Smart Growth for Vernon, CT
Garden Barn to expand

By Kym Soper
Journal Inquirer
March 8, 2008

VERNON - June will be busting out all over at the Garden Barn on West Street this year, now that owners Dennis and Kathy Gliha have won a zone change allowing them to grow more flowers and landscaping plants on a neighboring plot.

The Gliha family, owners of the local nursery for the last 25 years, requested the zone change from subdivision to garden zone for 7.74 acres they recently bought from the Ogden Brook Estates, adjoining the 228 West St. nursery on its northerly border.

The Planning and Zoning Commission unanimously approved the change two weeks ago, and workers have been busy clearing the land of brush, trees, and stumps and making it ready for planting this spring.

Plans call for using the cleared land for crop production of nursery stock, such as flowers and plants for landscaping.

According to Craig W. Perry, town wetlands agent, an inland wetlands permit is not needed for a zone change.

The Conservation Commission did raise concerns that the expansion could mean runoff from fertilizers and pesticides would enter the Ogden Brook, and eventually drain into the Hockanum River.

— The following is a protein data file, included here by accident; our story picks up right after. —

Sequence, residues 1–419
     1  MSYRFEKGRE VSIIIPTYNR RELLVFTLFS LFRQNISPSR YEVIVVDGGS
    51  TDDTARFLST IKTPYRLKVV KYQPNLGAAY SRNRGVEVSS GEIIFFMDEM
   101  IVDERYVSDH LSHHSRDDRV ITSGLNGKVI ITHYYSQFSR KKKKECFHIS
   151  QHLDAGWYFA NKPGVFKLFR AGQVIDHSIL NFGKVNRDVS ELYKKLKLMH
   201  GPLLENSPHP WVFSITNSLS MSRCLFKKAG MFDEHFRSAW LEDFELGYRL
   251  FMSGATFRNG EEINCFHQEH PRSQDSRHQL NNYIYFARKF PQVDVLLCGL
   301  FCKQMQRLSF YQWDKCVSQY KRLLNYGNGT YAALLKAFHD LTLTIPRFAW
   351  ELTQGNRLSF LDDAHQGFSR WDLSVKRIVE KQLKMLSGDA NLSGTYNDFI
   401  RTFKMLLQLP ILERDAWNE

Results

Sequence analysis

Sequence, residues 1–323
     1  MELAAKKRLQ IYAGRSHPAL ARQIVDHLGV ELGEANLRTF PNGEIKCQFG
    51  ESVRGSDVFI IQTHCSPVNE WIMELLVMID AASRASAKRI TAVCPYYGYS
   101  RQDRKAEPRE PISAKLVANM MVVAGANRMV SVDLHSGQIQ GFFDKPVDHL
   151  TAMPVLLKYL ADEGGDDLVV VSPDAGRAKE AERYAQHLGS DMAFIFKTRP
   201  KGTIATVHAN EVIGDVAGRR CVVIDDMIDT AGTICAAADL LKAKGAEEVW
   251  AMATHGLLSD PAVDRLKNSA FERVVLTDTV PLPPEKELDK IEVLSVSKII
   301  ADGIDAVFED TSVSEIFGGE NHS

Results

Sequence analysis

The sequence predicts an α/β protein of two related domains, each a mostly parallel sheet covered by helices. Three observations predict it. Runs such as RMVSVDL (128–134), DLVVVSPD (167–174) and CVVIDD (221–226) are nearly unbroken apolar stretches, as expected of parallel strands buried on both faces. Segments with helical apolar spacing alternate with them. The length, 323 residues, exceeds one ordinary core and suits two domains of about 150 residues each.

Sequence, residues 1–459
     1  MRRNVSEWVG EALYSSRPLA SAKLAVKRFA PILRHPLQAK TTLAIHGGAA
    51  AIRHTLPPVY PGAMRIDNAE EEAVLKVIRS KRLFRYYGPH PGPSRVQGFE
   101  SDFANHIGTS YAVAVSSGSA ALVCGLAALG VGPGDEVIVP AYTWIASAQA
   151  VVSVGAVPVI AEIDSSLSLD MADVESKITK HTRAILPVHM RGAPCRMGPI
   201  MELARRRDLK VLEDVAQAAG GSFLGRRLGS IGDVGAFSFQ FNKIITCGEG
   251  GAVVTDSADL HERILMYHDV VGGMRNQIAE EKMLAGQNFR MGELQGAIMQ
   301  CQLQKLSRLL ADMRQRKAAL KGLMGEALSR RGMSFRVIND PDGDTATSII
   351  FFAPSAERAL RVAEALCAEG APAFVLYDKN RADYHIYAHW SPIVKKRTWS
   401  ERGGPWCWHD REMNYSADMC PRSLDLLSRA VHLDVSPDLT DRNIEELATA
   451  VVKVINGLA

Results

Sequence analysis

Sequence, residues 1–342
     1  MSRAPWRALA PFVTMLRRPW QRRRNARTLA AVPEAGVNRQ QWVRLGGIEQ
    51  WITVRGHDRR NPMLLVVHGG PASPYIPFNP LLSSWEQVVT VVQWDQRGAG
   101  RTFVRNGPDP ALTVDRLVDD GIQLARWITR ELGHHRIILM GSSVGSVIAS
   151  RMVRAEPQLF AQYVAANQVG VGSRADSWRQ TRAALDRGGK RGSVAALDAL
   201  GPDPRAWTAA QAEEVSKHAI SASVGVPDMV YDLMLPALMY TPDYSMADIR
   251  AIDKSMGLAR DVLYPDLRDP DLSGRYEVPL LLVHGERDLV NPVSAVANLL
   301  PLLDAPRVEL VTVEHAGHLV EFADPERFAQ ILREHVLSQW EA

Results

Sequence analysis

Dorian Famiglietti, lawyer for the applicants, said this should not be an issue, however, as the property historically has been used for agricultural purposes.

Before it was the Garden Barn the property was part of the Doherty farm, where corn and hay was grown long before the adoption of zoning regulations in 1965.

As a result, "run-off and the impacts they may have on Ogden Brook are not solely attributable" to the zone change, Famiglietti writes in a Feb. 12 letter to the commission.

Still, the Glihas family is respectful of the natural resources surrounding their property and have consulted and worked with town staff, as well as state environmental officials, to put safeguards in place and protect the brook, she said.

The Garden Barn is enrolled in a pest management program with the University of Connecticut in which experts conduct bi-weekly site visits and monitor the use of fertilizers and pesticides in order to limit chemical use, Famiglietti says.

The Glihas also sought advice on erosion and sediment control from engineers and land surveyors, Tolland-based Gardner & Peterson Associates LLC.

The parcel is sloped from West Street, heading west to Ogden Brook in various degrees of gradient.

Town staff recommended erecting a sediment barrier downgrade of the construction site, and also vegetation filters and swales to redirect runoff.

©Journal Inquirer 2008